Servicing an EV? A checklist?

William Brown Autos sml

Finding an auto mechanic with an interest in things electrical, or an auto electrician with mechanical skiils may not be hard, but then again it may be. 

I seem to have found the perfect setup - a mechanical service I've know and trusted for years, with a recent interest in EVs… if only I had asked them before now!


I've been looking for a local mechanic or auto electrician who could help with the ongoing maintenance of ZEV240. The major issue is whether it needs a specialist. Here is what I have resolved so far. 

The standard joke is that the wiper blades still need replacement, even if they wear out a bit slower than the tyres :-). Nevertheless these EV things still use oil - in the gearbox/diff, mainly, if you have kept one and I guess brake fluid is probably a hydro-carbon. Add steering, suspension, brake pads and its easy to see that many mechanic skills are still relevant. 

As well as trying to ensure the costs were reasonable, finding someone local would save me a long drive. The two well-known conversion shops in and around Perth, Western Australia are the EV Shop (who built this little zinger) and EV Works (who import much of the equipment). They are both good but each is across town from each other, and yet somehow on the other side of town from me as well. 

I did approach some Toyota dealers, but they seemed to think that the service book trumped the fact that a few parts were missing, and I never felt like the service was going to cover the issues without inflating the price. 

Now it looks like I've now found a mechanical service - Willem, who now runs William Brown Auto Service, is only a few kilometres away. He is interested in the car as a form of transport, and both has an interest in EV conversions (he saw Glen George's MG conversion a while ago and was impressed) and realises that there isn't much left to service!

A checklist for a new mechanic to an EV...

What exactly should I be telling them is different? How do I ensure their safety and mine? Well, here is my list, please tell me if there is anything missing!

  1. The new power: I'll give them a reminder on the need for safely around 'high voltage' systems (I gather 1000V+ is considered REAL high voltage, but I dont want anybody to get hurt…;-) ) and exactly where these high voltage lines are (easy as they are highly visible with orange shrouding etc).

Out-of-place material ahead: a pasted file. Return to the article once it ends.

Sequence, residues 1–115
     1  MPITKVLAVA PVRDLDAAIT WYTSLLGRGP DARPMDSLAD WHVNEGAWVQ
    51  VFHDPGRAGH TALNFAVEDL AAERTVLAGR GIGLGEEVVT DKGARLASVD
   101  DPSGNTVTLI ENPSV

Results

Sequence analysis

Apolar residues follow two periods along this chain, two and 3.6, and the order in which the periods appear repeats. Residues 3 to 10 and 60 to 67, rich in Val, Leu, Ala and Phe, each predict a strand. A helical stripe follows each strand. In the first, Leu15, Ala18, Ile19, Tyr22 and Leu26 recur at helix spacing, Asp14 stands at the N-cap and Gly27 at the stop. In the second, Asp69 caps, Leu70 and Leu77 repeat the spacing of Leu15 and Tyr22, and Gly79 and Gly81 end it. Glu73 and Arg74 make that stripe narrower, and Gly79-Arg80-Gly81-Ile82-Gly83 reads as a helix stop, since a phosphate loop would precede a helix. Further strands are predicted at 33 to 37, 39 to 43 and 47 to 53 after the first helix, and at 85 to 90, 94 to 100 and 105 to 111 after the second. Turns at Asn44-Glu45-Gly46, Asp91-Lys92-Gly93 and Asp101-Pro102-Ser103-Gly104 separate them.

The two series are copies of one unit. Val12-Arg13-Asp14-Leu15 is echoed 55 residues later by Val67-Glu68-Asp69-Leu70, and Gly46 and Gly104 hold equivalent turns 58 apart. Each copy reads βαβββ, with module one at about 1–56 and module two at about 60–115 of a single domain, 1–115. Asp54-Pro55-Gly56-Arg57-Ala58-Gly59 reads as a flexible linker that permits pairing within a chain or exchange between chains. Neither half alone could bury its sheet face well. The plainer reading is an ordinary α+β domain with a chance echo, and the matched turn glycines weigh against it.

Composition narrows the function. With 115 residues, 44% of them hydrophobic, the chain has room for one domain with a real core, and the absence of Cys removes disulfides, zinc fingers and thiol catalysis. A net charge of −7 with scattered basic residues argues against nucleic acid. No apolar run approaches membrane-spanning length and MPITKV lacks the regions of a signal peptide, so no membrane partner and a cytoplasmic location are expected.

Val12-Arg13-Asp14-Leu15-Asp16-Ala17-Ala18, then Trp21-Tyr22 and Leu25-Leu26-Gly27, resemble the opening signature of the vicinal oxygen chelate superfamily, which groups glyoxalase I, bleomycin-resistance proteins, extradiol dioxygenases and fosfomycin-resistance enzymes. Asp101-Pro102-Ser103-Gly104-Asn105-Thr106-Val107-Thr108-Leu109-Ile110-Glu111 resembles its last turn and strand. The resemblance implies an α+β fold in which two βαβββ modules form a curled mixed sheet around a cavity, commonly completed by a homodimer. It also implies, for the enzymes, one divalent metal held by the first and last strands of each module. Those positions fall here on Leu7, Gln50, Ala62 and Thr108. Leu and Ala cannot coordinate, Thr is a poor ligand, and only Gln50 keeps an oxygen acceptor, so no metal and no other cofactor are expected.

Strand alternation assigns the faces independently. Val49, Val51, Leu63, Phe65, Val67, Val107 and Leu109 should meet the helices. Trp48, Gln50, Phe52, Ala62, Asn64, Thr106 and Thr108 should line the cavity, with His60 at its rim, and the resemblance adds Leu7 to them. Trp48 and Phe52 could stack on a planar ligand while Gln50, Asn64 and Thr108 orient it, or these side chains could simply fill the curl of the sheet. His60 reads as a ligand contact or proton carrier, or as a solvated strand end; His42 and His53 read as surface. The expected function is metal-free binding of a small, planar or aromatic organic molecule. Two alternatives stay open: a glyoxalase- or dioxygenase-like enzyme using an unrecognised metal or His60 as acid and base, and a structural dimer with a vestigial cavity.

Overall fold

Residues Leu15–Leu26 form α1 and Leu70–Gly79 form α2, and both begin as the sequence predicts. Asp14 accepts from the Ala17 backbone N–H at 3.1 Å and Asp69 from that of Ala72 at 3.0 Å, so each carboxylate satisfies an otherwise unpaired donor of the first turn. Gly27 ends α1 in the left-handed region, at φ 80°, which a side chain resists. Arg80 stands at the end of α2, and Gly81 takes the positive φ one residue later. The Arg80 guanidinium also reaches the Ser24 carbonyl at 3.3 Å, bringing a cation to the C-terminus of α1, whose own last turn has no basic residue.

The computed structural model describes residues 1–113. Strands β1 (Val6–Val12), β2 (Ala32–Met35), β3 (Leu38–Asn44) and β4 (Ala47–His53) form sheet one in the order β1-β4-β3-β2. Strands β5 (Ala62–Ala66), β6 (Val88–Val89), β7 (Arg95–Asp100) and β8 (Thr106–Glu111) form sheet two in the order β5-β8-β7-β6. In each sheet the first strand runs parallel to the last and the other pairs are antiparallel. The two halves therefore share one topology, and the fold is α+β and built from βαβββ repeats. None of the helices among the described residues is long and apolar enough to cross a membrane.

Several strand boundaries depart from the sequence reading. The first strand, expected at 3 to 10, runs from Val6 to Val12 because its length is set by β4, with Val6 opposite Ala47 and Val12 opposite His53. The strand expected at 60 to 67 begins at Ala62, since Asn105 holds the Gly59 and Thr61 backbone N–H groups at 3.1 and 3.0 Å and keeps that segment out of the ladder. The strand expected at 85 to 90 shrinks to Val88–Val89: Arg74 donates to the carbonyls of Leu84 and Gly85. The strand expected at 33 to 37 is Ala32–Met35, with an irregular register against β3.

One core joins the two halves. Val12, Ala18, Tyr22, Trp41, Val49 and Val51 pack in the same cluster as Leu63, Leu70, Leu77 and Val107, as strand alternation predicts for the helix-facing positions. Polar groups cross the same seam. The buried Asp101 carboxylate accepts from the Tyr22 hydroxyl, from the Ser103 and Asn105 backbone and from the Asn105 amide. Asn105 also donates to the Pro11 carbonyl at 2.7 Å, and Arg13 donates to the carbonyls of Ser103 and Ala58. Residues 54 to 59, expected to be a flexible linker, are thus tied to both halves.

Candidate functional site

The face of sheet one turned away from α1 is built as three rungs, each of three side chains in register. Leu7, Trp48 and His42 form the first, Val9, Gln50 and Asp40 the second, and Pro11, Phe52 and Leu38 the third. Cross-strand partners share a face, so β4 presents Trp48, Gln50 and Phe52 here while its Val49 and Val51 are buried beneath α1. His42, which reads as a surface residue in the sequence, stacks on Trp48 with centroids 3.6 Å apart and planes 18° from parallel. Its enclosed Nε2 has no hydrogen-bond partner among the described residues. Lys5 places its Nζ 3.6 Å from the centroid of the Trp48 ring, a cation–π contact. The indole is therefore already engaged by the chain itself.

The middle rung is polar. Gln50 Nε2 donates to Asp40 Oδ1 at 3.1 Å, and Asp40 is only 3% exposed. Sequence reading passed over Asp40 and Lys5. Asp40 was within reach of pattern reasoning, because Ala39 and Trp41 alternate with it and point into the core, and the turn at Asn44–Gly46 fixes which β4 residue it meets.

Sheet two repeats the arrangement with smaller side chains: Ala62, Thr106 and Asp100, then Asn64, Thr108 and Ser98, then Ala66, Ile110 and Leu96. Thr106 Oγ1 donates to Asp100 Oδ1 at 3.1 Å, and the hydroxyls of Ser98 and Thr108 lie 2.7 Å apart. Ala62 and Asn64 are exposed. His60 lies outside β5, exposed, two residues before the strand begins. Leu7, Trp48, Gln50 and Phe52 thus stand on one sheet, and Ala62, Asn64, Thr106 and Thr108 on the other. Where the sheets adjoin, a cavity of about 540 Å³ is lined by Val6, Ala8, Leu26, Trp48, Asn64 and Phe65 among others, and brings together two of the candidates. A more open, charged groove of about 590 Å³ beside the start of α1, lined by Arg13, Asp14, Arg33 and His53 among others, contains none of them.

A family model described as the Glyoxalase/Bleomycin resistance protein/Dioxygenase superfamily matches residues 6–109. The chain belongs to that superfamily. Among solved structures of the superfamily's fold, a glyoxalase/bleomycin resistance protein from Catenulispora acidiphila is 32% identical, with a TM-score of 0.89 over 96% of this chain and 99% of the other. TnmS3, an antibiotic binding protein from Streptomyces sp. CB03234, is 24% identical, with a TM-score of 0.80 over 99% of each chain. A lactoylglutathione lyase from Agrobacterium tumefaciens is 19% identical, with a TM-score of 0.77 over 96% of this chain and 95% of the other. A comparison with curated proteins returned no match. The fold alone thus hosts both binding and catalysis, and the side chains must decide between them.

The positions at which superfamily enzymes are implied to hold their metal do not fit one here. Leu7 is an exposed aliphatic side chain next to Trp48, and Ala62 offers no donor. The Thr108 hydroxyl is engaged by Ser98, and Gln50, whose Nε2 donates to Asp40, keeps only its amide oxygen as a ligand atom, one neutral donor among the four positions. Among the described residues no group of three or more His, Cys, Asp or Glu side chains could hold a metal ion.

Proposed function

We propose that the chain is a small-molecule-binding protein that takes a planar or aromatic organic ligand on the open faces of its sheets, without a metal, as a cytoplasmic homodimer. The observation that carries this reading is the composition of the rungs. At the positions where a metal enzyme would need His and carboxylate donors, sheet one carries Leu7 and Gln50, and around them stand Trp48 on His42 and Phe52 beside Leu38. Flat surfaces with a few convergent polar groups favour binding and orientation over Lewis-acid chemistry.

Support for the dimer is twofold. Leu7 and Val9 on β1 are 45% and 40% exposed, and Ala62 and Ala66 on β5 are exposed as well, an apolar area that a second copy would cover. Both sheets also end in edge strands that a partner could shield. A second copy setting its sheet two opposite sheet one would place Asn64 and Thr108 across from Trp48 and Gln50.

2. Safety features: Next where the high voltage disconnect button is in case of an accident (under the 'hood', which in the mid-motored MR240 is behind the passengers), and when to use it (such as a motor short circuit, a stuck accelerator or to be safe in a major accident; but it happens to reset my logging data, so only do it if it's necessary please!). This step renders all the car's electrics as 'low voltage only', i.e. 12V in normal circumstances.
  3. What was lost: The basic mechanicals associated with an electric drive system, so what was lost and what was added in the conversion (eg an electric brake booster and electric heater are new, the accelerator cable now ends up at a pot box), how different it is to to drive (like no clutch needed at take-off), I use 2nd to 5th gear, often skipping 3rd or 4th, and so on. 
  4. What was added: Then the additions, including motors, power controllers, batteries and battery management. The key one is probably your battery monitoring system, in my case in two parts: first an e-Xpert Pro gauge for monitoring the 150V Lithium traction pack, and what its numbers mean; and a battery management system or BMS in the motor bay, and its purpose. There is more detail but boring them with error conditions of BMSs is silly when it shouldn't happen in a quick service; and items like what the red and green BM module LEDs mean may not be critical. 
  5. Caring for an EV: Finally how to a) take care of an electric motor - which varies for AC and DC motors - in my case a speed limiter at 5000rpm, and replacement brushes at 50,000km may solve most problems; and b) how to take care of a traction battery (avoiding flattening it, in my case not below 30% is good practice) and how to charge it - I use a 15A plug and cable, stored in the boot - and it charges at about 20%/hour. 
  6. And of course if I get the chance to proselytise about how good EVs are, I might take it ;-). 

I admit that point 6 isn't strictly on task… still, I might as well show them there is life - and work - after petrol vehicles drop away! There will still be non-electric cars and trucks, conversions and modding, AND electric vehicles will still need servicing, work and maintenance, even upgrading.

Don't forget that ICE conversions do not need to be considered 'fixed' or 'done' - they can continue to be 'converted'. For example, the Car Service Tips site says: 'battery technology is rapidly improving in cost/performance ratios ... The EV that is converted today will be upgradeable by future battery (and perhaps charger) replacement'.  

I don't mind reminding people that the cost of running EVs are lower, usually much lower, than traditional ICE cars. Another point to make is that range isnt so important if there are chargers everywhere. And I love that my nearest public charger is free, as is the parking - Fremantle City Henderson St car park. It is so easy to rattle on too much…

So that is my current list, just six points, but really only the first five; and I may have missed something. I'm probably too close to it…  but  its a non-trivial list when you look at it! Any other suggestions would be gratefully accepted.


© bdc 2014